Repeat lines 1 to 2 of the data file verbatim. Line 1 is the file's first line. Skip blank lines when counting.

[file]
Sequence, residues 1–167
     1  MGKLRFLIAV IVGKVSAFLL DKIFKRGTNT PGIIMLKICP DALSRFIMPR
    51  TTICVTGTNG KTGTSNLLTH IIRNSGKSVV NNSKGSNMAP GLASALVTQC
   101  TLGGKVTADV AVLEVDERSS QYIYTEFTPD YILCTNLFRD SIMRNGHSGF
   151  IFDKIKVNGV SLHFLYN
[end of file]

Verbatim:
Sequence, residues 1–167
     1  MGKLRFLIAV IVGKVSAFLL DKIFKRGTNT PGIIMLKICP DALSRFIMPR